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Financial Risk Mitigation

Financial Risk
Through Avetta’s Financial Risk offering, each supplier will receive specific ratings and key metrics unique to their business financials. Clients can review these ratings at both an individual and group level and build appropriate compliance rules to proactively manage risk. Currently available in the US only.

Have confidence your partners are capable
of fulfilling all their service and contract obligations

Financial Risk

Suppliers are given a Financial Stability Risk Score (1-100) that indicates their likelihood of defaulting on financial obligations or going bankrupt.


Suppliers also receive an Intelliscore Plus rating that identifies the suppliers who may be slow to pay but are likely to follow through on their financial commitments.


Any liens, judgments, or bankruptcies from the supplier are also displayed on the Connect dashboard.

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Improving compliance and safety

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Make faster decisions
Screen out accounts with the highest risk
Save time evaluating large groups

Why Is Supplier Risk Management Important?

All supply chains must deal with some level of risk, which is why supplier risk management is so essential. This practice allows companies to better prepare for sudden demand, emergencies, natural disasters, and other supply chain disruptions by considering all possible outcomes and solutions.

How Do You Mitigate Supplier Risk?

Companies can mitigate supplier risk by choosing reliable, diverse suppliers, being transparent with suppliers, and by continuously reviewing potential risks. They can also create a supply chain risk management plan, which includes a risk assessment, quantification of risk, and plans for what to do in various scenarios.

How Do You Write a Supply Chain Risk Management Plan?

A supply chain risk management plan should be tailored to the needs of your specific company, but here are some of the most common elements of any plan:

  • Assessment of risk
  • Quantification of risk
  • Evaluation of alternative suppliers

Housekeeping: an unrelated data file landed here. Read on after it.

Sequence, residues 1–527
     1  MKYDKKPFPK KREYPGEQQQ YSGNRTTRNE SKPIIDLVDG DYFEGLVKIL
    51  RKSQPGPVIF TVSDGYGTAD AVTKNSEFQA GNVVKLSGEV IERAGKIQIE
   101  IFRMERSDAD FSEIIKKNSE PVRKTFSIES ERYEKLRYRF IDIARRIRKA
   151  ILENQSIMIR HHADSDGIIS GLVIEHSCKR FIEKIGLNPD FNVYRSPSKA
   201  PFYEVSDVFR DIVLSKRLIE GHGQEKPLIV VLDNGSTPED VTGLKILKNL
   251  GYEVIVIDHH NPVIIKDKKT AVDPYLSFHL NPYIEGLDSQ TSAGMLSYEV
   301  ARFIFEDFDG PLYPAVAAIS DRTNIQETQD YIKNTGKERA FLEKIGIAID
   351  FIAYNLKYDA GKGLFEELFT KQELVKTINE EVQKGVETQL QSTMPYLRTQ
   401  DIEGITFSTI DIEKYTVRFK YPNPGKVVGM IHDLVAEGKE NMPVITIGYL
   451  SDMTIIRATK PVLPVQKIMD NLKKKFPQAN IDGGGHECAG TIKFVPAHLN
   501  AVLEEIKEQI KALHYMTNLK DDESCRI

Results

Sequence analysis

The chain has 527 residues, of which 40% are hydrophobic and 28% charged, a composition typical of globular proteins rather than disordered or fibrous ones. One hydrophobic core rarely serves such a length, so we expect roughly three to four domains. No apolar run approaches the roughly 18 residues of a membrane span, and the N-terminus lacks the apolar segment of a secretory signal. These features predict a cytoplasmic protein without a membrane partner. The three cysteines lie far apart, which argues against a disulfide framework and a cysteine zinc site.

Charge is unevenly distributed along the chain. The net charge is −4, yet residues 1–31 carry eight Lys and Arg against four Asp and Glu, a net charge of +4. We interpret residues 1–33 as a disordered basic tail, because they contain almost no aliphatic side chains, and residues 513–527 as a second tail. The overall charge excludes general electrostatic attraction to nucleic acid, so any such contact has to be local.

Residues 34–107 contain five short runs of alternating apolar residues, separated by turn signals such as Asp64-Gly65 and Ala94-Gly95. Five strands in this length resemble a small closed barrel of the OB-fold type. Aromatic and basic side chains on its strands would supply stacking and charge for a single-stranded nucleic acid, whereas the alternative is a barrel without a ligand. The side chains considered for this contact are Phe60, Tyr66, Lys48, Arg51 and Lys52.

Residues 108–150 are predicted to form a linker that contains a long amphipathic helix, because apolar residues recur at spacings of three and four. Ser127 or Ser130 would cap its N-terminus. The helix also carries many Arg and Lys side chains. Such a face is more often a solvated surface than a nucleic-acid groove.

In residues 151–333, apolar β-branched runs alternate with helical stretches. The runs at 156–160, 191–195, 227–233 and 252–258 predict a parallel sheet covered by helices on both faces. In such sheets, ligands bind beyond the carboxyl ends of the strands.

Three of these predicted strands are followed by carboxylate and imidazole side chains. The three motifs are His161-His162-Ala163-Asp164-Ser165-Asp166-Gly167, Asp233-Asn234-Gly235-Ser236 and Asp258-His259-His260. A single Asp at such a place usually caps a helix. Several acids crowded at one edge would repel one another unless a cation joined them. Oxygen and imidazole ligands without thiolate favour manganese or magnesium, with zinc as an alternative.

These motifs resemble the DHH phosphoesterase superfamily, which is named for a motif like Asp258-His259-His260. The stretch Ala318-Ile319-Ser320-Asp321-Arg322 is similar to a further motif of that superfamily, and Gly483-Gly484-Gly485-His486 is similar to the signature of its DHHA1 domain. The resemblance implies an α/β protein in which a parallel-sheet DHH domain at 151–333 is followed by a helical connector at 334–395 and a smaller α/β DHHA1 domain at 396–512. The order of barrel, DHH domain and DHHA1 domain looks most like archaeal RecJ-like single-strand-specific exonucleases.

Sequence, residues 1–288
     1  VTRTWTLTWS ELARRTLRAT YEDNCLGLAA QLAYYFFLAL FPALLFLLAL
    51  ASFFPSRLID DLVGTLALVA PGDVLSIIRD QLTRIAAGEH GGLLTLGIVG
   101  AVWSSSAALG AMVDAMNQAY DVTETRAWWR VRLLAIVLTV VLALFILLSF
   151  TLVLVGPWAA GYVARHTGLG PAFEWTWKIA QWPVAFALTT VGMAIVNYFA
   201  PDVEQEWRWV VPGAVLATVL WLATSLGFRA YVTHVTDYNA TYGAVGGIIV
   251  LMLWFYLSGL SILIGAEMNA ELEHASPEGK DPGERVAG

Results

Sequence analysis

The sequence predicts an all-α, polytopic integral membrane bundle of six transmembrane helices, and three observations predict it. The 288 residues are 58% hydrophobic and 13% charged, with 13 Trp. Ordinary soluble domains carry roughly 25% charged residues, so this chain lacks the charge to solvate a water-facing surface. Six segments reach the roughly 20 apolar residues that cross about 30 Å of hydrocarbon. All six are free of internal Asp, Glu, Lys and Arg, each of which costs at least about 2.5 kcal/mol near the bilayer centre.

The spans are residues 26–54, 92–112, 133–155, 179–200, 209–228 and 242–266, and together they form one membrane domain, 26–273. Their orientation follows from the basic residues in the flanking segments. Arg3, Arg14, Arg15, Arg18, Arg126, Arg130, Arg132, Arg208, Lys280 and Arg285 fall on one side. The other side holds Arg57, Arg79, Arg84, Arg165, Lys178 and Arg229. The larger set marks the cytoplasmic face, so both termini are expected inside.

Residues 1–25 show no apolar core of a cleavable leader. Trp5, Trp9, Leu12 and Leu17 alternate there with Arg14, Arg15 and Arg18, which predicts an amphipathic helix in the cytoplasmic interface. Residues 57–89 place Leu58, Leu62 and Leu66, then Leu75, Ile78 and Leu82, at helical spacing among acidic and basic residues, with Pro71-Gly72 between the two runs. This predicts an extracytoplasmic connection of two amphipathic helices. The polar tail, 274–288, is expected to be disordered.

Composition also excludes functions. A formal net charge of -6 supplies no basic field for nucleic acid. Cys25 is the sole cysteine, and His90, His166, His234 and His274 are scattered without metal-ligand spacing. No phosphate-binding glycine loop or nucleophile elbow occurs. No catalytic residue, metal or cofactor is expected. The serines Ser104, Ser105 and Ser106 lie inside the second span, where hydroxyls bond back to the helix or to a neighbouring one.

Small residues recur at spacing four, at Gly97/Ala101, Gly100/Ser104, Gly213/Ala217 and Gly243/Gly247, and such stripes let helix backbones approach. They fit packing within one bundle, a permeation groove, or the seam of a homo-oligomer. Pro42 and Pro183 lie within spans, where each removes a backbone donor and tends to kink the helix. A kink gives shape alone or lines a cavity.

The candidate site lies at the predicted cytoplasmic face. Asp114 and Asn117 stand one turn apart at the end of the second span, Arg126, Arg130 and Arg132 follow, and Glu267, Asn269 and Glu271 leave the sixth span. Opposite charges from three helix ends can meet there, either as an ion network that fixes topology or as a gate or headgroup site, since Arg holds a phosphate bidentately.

• Plans for how to communicate with suppliers in case of an emergency
  • Steps to qualify new suppliers
  • If/then scenario planning

Why Is Vendor Management Important?

Vendor management is important in any supply chain because it helps to control expenses, minimize risks, and hold vendors accountable. It also places more value on vendor relationships, which can improve the overall supply chain management process.

What Are the 3 Types of Risk?

Supply chains face different risks depending on the industry, but many fall into these three categories:

  • Natural disasters
  • Man-made emergencies
  • Economic catastrophes

What Is the First Step in Risk Management?

With any supply chain, the first step in risk management is to identify all potential risks. This means analyzing every type of risk that could disrupt or influence the supply chain, from economic issues and market risks to natural disasters and social events.

How Do You Mitigate Risk in a Global Supply Chain?

There are five main steps to mitigating risk in a global supply chain, including:

  1. Identify risks
  2. Analyze risks
  3. Prioritize risks
  4. Mitigate risks or create a response plan
  5. Monitor risks

How Do You Manage Supply Chains?

Supply chain management requires a constant analysis of risks and an ongoing effort to streamline supply chain processes. Some of the best practices for managing supply chains include:

  • Vetting suppliers
  • Choosing diverse suppliers
  • Requiring supplier insurance
  • Creating a risk management plan

How Do You Assess Supplier Risk?

Companies can assess supplier risk by creating a checklist to measure every potential supplier against before making an agreement. Here are some factors to consider when evaluating a supplier:

  • Insurance
  • Reputation and reliability
  • Financial stability
  • Compliance and security
  • Safety and health practices
  • Sustainability

What Is the Difference Between Vendor and Third Party?

A vendor supplies goods and services to a company, while a third-party supplies goods and services directly to a customer. Hence, a vendor is a broader term, while third-party vendors are a subset of the category.

What is Experian?

Experian's Business Information Services is a leader in providing data and predictive insights to businesses. Their business database provides comprehensive, third-party-verified information on 99.9% of all U.S. companies, with the industry’s most extensive data on the broad spectrum of small and midsize businesses.


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